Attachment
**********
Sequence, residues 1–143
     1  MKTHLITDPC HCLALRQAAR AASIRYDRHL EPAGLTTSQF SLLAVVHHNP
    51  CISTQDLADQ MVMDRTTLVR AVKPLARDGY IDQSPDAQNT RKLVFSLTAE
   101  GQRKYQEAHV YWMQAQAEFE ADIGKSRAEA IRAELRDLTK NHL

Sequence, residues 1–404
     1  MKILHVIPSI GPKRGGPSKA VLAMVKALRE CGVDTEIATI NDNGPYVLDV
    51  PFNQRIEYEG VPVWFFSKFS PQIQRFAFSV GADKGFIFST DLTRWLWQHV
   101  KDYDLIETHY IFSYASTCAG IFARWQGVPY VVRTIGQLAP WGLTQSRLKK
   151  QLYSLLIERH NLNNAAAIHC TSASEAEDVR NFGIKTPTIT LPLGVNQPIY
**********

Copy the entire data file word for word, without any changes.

Sequence, residues 1–143
     1  MKTHLITDPC HCLALRQAAR AASIRYDRHL EPAGLTTSQF SLLAVVHHNP
    51  CISTQDLADQ MVMDRTTLVR AVKPLARDGY IDQSPDAQNT RKLVFSLTAE
   101  GQRKYQEAHV YWMQAQAEFE ADIGKSRAEA IRAELRDLTK NHL

Sequence, residues 1–404
     1  MKILHVIPSI GPKRGGPSKA VLAMVKALRE CGVDTEIATI NDNGPYVLDV
    51  PFNQRIEYEG VPVWFFSKFS PQIQRFAFSV GADKGFIFST DLTRWLWQHV
   101  KDYDLIETHY IFSYASTCAG IFARWQGVPY VVRTIGQLAP WGLTQSRLKK
   151  QLYSLLIERH NLNNAAAIHC TSASEAEDVR NFGIKTPTIT LPLGVNQPIY